Storyboarding is a plotting technique used by screenwriters, but it’s also popular with some novelists. I like it since I’m a planner, not a pantser. Storyboarding is not a rigid plotting device. The whole point of the board is that it’s flexible. The greatest advantage is seeing exactly how your novel is “built,” just as an architect refers to a blueprint.
Now, I realize that some purists eschew structuring their work according to a storyboard. That is fine for those who wish to write Litrachure. But as popular Victorian novelist Wilkie Collins once said, “I have always held the old-fashioned opinion that the primary object of a work of fiction should be to tell a story.” I feel the same way, and I don’t think storyboarding need adversely affect good writing.
I’m indebted to a former mentor who introduced me to the three-act structure most fiction writers are familiar with. She also recommended the late Blake Snyder’s book, Save The Cat! The Last Book on Screenwriting You’ll Ever Need, which opened my eyes to storyboarding. Adapting the screenwriter’s storyboard for film to plotting a novel is easy. The way to use the board is to write the cards and then flesh them out into scenes in a manuscript. I’m so used to this method now that it’s difficult for me to write scenes without having a stack of scene cards in front of me.
To make a board, I use a triptych from the office supply store. I clamp three small binder clips to the top and then hang the board flat on the wall with three small nails. When I’m done with the board, the binder clips can be removed and the board is folded up and stored away, with or without the cards. I’ve found it useful to keep the cards on there as a show-and-tell object for book club presentations. Readers love to see “how you did it.” If you prefer to remove the cards, you can reuse the board for your next book. Here’s The Earthquake Doll storyboard (my Japanese post-war historical), with pushpins removed (so the board can be folded flat) and the cards permanently taped down:Unfortunately, sticky notes don’t work for this because they fall off. I’ve even tried it with the newer, stickier ones. Besides, the notes tend to curl over time. I tried the index card with sticky tops, but those fall off, too. Pushpins rule.
In Save The Cat!, Snyder calls plot points “beats,” and there are fifteen of them in a story. For more information on that, the Blake Snyder Beat Sheet (BS2) is explained in detail here. By using storyboarding, I could order scenes according to the BS2. Moving a certain scene closer to the beginning of the book meant rearranging my story’s timeline, which in turn messed up all my season-sensitive farming details. All I had to do was change springtime crops to those grown in early autumn in Hokkaido. In fact, it was simple to make any changes needed throughout the book, timeline or plotline, because I could actually see what needed to happen. It was so much easier than scrolling up and down the manuscript on my laptop, and getting hopelessly lost and confused.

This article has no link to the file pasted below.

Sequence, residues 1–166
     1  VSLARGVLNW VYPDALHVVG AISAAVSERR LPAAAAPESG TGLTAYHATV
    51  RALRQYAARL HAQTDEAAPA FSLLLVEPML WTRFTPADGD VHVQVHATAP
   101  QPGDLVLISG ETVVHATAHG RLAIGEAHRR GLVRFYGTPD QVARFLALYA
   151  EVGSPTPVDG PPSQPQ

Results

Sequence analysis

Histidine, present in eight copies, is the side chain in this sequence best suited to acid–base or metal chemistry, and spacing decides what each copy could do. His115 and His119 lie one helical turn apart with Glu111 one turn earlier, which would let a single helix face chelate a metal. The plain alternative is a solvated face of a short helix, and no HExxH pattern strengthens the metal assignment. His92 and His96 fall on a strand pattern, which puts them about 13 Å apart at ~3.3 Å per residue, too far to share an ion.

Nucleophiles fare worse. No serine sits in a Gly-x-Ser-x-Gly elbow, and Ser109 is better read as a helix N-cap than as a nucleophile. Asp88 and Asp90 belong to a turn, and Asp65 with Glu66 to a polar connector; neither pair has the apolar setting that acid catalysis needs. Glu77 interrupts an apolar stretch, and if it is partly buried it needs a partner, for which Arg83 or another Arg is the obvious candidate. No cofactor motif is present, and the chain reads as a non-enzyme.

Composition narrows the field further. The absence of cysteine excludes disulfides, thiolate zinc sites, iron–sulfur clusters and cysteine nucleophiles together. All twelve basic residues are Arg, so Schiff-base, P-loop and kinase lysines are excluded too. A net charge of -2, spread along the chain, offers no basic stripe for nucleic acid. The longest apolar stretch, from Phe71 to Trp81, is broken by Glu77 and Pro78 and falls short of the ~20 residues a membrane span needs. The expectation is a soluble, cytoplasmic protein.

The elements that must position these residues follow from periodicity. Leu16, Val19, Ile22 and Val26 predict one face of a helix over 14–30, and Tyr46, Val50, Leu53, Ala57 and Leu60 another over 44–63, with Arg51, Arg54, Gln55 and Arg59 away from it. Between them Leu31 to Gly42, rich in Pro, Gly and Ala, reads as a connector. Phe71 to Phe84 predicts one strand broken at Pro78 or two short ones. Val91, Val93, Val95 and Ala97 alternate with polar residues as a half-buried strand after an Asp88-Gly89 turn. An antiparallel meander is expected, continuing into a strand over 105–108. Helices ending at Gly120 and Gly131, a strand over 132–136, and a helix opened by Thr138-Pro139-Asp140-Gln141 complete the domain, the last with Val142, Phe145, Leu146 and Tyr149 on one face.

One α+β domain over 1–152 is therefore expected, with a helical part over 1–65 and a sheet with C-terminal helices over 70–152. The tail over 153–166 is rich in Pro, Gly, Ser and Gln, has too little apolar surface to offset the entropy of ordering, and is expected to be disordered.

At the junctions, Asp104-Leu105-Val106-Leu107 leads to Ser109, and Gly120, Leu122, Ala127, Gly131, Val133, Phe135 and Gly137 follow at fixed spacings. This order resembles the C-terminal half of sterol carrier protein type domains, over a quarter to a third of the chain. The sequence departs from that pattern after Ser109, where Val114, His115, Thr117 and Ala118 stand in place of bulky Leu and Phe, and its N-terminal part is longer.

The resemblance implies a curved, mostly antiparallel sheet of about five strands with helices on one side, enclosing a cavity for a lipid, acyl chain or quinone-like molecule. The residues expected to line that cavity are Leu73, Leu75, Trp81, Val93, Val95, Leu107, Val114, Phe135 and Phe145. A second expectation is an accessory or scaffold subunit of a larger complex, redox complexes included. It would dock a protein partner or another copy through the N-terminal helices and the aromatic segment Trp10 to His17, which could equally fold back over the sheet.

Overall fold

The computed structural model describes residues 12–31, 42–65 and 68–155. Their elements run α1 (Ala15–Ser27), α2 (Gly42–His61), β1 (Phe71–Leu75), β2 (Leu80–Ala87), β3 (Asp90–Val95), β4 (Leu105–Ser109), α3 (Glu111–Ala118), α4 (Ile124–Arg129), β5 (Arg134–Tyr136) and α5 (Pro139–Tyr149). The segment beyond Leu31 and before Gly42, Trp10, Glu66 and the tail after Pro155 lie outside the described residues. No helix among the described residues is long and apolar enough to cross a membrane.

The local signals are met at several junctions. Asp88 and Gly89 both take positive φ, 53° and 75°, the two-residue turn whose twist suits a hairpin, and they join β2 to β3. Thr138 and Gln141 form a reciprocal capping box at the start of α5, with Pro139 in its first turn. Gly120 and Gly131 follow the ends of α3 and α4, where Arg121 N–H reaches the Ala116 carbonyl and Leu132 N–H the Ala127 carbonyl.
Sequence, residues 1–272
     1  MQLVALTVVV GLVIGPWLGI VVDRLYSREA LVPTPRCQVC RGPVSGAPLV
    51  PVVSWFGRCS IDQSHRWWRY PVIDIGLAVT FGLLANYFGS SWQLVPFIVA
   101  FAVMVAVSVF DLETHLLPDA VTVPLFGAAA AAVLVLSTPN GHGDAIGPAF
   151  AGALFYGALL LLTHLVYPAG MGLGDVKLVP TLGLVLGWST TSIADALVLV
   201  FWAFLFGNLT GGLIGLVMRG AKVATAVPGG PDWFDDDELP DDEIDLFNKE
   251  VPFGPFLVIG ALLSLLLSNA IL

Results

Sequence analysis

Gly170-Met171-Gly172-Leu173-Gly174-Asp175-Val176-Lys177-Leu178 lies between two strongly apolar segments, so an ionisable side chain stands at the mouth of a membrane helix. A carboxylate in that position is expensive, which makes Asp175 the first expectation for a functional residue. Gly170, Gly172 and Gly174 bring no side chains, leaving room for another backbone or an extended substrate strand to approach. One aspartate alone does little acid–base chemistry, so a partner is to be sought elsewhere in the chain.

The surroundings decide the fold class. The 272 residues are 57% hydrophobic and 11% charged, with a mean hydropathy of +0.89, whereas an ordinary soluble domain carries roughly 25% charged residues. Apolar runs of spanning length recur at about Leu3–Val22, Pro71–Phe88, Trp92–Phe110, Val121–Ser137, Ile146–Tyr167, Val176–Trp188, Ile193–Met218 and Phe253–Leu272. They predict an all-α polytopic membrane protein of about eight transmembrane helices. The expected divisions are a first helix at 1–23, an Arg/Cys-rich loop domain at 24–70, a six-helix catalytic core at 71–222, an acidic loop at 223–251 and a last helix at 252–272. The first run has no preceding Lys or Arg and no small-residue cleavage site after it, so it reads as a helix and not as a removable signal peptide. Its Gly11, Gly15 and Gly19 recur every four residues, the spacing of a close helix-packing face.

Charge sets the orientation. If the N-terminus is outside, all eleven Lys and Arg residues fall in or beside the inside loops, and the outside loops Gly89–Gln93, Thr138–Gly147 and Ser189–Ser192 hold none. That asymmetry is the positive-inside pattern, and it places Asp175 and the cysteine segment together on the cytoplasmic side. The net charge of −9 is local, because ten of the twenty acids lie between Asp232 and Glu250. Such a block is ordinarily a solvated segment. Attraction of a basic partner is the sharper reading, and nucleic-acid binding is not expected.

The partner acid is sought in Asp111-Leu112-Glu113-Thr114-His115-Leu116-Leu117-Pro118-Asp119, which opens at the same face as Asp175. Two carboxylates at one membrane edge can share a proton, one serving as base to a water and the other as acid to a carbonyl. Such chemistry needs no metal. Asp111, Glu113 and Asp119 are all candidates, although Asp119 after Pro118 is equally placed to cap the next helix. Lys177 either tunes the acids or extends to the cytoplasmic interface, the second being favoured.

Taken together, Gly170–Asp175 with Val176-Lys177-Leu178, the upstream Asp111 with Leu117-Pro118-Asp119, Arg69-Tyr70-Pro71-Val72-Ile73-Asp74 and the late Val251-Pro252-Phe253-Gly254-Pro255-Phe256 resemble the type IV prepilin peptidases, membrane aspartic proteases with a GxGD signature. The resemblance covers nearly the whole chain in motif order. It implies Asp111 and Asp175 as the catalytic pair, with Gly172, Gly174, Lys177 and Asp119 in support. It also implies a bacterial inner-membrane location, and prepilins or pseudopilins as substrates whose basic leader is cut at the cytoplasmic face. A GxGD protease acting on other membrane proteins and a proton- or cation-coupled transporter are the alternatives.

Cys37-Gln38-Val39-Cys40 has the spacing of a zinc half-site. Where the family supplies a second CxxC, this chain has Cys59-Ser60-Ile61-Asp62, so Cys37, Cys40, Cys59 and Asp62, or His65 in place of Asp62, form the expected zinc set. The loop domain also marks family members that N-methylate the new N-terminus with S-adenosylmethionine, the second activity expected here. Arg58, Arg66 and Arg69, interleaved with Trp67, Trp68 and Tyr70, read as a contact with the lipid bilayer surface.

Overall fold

In screenwriting, you’d need 40 cards to cover a 110-page script. Your novel could have anywhere from 300-900 or more pages. The main thing is to plan the major plot point scenes. Then write the scene cards leading up to each plot point. Write the cards for the scenes that will come after that, leading up to the next plot point, and so on. On each card, just jot down the basic point of the scene you’re going to write.
You don’t have to write one scene per card. That could take several boards! You could jot related scenes on one card. Or you could group related cards and pin them together. Some people write the cards in Word and print them out. I jot what’s needed in pencil, note the chapter number at the top, and later, the page number of the draft (making ms revisions easy.) Here’s an example of what I wrote on a card for The Earthquake Doll:
Village lane & shrine
Prayers for father
* what would Father think
of her, working for Americans?
The card refers to several scenes: the arrival from the city, the walk down the village lane (with autumnal crops in view) where some backstory is revealed, then to the village shrine where prayers are said for the Main Character’s father. That’s followed by an emotional scene when the MC asks her mother what her father, who fought and died in the war, would have thought of her now, working for an American family.
Is storyboarding for you? Lots of writers use some version of it, whether it’s a detailed formula with a three-act structure like Melissa Pearl, or just a chapter-tracking spreadsheet. What works for you?
P.S. – “Save the cat” is a screenwriting term. Early in the film, our hero, the MC, should do something equivalent to saving a cat to gain our admiration. Here’s to saving cats and storyboarding!